Facebook sued NSO in 2019, claiming the Israeli firm's spyware was used on its messaging service WhatsApp.
"We've been calling NSO a national security threat for years," Will Cathcart, head of WhatsApp, tweeted Friday. "This reporting shows—again—why we need to hold NSO accountable for their actions, and why governments need to support increased security online."
John Scott-Railton, a senior researcher at the Citizen Lab at the University of Toronto, also responded to the revelations on Twitter, saying that NSO Group has been an "in-plain-sight national security threat for years" and it is "embarrassing that it took a private company to warn them."
"Are there victims not notified by Apple?" he asked. "How about the overseas-posted personnel using Androids? Does [the State Department] know now? A multi-agency investigation is immediately needed."
Sen. Ron Wyden (D-Ore.) similarly told the Post that "companies that enable their customers to hack U.S. government employees are a threat to America's national security and should be treated as such by the government."
"I want to be sure the State Department and the rest of the federal government has the tools to detect hacks and respond to them quickly," added Wyden, a member of the Senate Intelligence Committee. "Federal agencies shouldn't have to rely on the generosity of private companies to know when their phones and devices are hacked."
Last month, Apple filed a lawsuit in a California-based U.S. district court accusing NSO Group of violating its terms and conditions as well as state and federal laws. Apple is seeking a permanent injunction to ban the firm from using its devices, services, or software.
That suit came after the Pegasus Project—an investigation into NSO's spyware published in July by more than 80 journalists from 17 media organizations in 10 countries. Coordinated by Forbidden Stories with the technical support of Amnesty International, the project focused on the leak of 50,000 phone numbers of potential surveillance targets, including activists, heads of state, and journalists around the world.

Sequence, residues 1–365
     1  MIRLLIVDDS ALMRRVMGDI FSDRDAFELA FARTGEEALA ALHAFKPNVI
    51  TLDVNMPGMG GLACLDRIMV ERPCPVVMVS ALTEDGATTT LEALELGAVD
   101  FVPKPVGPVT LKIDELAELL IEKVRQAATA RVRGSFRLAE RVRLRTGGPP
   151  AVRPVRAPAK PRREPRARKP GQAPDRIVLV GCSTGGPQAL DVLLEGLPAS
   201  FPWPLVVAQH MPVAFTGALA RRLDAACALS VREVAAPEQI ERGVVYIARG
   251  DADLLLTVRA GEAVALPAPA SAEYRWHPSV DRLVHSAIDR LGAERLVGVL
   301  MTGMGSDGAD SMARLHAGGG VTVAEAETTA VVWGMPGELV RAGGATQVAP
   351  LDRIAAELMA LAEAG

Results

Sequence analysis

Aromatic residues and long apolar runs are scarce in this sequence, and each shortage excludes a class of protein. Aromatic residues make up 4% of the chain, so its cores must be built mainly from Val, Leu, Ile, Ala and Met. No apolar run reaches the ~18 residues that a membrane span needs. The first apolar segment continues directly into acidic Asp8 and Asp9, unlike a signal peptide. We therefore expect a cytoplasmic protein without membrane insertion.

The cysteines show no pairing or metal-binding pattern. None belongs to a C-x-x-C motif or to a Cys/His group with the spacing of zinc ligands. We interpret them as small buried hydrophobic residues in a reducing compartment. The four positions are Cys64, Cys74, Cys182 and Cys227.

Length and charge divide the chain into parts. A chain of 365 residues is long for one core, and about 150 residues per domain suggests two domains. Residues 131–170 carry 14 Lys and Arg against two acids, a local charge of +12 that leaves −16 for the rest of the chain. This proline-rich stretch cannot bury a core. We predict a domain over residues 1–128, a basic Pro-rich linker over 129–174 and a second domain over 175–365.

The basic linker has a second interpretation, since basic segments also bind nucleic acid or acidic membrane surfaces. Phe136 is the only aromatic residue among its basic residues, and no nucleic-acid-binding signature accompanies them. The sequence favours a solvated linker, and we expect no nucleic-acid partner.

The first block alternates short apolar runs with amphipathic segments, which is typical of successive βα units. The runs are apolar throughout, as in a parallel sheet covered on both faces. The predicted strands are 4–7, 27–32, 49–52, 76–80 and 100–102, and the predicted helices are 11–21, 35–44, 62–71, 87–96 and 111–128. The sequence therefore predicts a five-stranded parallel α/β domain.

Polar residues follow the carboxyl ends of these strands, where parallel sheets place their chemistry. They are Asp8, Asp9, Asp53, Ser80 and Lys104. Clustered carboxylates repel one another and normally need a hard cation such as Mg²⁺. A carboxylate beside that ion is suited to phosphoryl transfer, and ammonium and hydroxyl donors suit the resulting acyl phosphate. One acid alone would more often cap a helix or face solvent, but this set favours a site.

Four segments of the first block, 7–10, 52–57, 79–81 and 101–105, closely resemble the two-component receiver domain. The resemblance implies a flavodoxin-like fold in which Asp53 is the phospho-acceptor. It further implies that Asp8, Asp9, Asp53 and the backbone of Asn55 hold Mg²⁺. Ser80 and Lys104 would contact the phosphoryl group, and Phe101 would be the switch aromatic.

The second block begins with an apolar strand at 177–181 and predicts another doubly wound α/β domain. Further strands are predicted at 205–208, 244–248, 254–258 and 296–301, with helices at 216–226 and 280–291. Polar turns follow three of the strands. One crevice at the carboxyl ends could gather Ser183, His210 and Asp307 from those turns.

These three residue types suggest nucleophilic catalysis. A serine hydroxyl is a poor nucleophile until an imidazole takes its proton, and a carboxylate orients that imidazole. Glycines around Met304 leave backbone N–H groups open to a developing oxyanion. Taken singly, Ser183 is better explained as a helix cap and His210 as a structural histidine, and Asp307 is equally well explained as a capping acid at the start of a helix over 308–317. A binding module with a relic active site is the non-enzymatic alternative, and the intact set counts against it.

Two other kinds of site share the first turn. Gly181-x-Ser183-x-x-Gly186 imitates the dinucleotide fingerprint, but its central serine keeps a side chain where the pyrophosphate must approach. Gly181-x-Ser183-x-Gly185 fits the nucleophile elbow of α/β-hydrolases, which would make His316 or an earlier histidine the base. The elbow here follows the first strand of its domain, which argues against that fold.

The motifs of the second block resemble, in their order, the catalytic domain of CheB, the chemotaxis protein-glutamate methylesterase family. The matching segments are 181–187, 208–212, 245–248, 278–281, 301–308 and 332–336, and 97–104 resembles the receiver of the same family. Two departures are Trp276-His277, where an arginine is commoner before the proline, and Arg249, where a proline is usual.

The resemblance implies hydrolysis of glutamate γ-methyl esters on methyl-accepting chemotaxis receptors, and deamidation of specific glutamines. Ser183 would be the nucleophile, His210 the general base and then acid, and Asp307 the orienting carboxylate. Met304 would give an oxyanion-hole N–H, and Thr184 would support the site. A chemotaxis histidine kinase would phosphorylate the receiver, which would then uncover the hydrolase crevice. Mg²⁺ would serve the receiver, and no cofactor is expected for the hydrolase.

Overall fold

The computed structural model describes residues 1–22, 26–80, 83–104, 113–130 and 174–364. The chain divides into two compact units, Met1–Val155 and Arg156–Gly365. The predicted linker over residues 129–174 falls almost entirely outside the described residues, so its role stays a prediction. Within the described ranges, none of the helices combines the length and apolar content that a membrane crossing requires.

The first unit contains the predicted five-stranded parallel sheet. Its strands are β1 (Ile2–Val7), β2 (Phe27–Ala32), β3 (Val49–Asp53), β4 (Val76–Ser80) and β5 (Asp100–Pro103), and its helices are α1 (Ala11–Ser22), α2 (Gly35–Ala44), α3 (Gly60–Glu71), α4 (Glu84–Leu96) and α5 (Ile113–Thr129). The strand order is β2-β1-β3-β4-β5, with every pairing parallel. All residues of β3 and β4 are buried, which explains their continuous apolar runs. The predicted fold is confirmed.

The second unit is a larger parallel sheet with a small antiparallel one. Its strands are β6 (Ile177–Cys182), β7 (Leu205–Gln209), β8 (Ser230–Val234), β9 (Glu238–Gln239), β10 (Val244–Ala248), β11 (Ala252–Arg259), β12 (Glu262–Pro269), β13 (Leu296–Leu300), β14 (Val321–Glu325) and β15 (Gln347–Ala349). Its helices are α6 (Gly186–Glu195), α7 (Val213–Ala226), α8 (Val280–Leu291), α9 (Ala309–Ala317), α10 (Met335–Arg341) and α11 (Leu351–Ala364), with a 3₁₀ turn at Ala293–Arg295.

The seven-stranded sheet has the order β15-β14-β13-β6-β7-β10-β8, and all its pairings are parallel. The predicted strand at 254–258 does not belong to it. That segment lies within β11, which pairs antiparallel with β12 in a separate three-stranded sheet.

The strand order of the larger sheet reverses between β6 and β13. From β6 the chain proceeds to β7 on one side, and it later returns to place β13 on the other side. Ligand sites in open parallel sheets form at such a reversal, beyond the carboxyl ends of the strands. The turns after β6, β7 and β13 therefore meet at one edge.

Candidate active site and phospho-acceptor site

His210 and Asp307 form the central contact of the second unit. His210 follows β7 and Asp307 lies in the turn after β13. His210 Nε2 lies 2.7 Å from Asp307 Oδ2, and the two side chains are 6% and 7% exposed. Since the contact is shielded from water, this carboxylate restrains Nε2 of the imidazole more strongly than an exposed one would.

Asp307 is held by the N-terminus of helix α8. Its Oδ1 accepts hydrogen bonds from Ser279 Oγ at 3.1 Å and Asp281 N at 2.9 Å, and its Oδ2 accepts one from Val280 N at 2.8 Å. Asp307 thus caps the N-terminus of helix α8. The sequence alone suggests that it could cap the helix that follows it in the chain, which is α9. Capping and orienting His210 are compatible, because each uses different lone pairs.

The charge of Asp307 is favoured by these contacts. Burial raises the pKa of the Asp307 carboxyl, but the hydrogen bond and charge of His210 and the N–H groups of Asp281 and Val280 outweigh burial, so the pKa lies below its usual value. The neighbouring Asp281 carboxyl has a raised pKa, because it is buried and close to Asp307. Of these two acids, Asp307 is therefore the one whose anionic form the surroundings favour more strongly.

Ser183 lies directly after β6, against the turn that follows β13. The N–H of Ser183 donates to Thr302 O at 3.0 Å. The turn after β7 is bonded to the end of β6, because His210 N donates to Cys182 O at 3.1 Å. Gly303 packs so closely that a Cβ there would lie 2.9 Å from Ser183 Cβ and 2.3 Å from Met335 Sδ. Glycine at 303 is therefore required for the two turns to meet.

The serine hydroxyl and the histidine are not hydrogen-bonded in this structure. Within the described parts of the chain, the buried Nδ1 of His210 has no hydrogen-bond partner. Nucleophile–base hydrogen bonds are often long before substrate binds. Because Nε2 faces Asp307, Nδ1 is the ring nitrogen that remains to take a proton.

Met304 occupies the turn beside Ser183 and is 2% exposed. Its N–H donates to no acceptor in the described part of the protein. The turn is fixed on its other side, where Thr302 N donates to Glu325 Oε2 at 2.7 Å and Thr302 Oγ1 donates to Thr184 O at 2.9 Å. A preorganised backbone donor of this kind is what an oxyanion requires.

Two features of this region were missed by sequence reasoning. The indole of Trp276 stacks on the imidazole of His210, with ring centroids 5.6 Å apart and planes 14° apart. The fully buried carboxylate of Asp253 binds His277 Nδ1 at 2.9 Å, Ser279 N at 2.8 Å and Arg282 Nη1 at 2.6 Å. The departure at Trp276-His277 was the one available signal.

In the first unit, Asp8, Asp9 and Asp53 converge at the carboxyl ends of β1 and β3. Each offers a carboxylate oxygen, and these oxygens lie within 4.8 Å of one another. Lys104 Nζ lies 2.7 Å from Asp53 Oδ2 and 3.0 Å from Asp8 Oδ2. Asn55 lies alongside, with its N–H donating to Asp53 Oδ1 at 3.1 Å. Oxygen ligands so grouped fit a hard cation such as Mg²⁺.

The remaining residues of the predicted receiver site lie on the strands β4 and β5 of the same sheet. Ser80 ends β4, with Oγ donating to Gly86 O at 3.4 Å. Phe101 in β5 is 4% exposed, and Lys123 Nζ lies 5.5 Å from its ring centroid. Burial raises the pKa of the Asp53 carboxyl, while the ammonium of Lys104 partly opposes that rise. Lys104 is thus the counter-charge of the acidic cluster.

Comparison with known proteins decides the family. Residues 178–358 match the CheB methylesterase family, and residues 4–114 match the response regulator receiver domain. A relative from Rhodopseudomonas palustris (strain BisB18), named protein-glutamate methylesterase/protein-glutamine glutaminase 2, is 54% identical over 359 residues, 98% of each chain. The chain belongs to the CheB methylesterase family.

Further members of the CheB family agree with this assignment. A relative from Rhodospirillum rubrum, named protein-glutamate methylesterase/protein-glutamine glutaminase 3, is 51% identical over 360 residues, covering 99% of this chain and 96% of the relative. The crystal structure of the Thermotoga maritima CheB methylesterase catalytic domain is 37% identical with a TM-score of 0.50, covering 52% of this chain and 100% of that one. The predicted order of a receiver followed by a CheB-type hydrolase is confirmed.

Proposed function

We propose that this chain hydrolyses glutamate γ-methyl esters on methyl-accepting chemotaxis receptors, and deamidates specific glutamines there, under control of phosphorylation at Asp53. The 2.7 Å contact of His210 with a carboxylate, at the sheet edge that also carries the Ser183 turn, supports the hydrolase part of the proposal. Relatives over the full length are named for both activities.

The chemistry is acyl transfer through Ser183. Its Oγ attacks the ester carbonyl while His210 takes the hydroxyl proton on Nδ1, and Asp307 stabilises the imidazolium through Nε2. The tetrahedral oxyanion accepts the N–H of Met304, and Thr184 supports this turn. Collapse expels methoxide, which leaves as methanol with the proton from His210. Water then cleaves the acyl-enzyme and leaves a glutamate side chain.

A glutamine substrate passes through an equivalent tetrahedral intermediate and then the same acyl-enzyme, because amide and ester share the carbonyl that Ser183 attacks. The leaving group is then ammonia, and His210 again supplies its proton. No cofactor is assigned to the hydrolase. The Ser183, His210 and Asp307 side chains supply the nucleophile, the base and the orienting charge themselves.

The Pegasus Project spurred worldwide calls for an immediate moratorium on the export, sale, transfer, and use of such spyware. Exiled American whistleblower Edward Snowden—whose leaked documents revealed that in 2007, Israel was flagged as a top espionage threat against the U.S. government—went further, saying in July that NSO Group's industry "should not exist."
Scott-Railton, in his series of tweets Friday, highlighted that some progress is being made, pointing to reporting that the White House plans to announce a new initiative related to the abuse of surveillance technology during President Joe Biden's democracy summit next week.
According to Bloomberg, an unknown group of countries "with shared concerns about foreign governments and private-sector actors—in China and elsewhere around the world—using digital surveillance and other technologies to enable human rights abuses and target members of ethnic and religious minority groups, journalists, and political dissidents" will commit to a nonbinding code of conduct.